Nims Middle School Adopts “FULLY Uniformed” Policy for 2023-24 School Year – Tallahassee Reports

On January 17thR. Frank Nims Middle School announced that the school would officially be a “FULLY uniformed institution” beginning in the 23-24 academic year.

Starting in the new school year, all students at Nims Middle School will be required to abide by the new uniform policy which includes, yellow, black or white polo shirts which must be tucked into bottoms (shorts, pants or skirts) which should be black or khaki. Shorts must have a minimum 5-inch inseam and skirts to fingertips. All students will be required to wear black belts, and sagging pants will not be permitted for the upcoming school year. Pants must fit snugly and securely around the waist. Additionally, open toed shoes or footwear that exposes the feet (in any case), will not be permitted.

The announcement was posted to the Nims Middle School facebook page and advised parents that a link to order school shirts for next year will be sent in the next few days. The link will offer polo shirts with the Nims logo, which is preferred by the administration. No additional insignia or markings other than the Nims logo will be allowed.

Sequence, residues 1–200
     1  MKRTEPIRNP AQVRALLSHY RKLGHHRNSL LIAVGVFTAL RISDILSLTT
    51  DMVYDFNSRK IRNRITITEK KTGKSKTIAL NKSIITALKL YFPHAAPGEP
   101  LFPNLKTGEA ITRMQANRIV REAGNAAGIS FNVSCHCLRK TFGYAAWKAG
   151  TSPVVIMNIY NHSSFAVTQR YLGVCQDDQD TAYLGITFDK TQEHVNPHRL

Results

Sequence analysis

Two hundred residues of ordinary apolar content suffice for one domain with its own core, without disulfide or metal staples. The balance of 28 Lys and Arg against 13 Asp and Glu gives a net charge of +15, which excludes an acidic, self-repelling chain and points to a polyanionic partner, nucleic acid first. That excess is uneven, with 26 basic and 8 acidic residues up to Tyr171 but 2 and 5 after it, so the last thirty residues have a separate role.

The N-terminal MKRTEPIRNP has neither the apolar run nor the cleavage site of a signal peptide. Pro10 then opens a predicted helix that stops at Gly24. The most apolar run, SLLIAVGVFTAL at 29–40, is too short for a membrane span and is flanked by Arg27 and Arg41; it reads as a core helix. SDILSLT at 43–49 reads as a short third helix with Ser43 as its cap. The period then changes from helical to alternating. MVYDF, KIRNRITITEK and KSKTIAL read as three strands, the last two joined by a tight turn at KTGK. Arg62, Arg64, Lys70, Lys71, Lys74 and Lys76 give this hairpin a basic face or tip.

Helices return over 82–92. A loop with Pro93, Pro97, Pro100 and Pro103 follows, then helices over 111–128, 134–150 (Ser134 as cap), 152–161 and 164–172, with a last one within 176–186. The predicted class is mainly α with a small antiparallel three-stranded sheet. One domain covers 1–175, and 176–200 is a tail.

Tallahassee Reports made efforts to contact the Principal of R. Frank Nims Middle School to discuss the decision to adopt the new uniform policy; however, at this time there has been no response.

According to the National Center for Education Statistics, nearly 20% of public schools have adopted uniform mandates for students.

The impact of school uniforms on student achievement and student behavior is controversial.

Some of the benefits of school uniform mandates have been identified in the Manual on School Uniforms issued by the US Department of Education. In reference to the Manual, the US Department of Justice advised that, “Proponents assert that school uniforms may decrease violence and theft among students over clothing; prevent the wearing of gang colors and insignia; instill student discipline; help students and parents resist peer pressure; help students focus on school work; and help schools identify intruders.”

However, critics of mandatory uniforms cite studies that are inconclusive about the impact on educational outcomes.

The announcement by Nims stated that “We are enthusiastic about the future of our school and are looking forward to the 23-24 academic year.”

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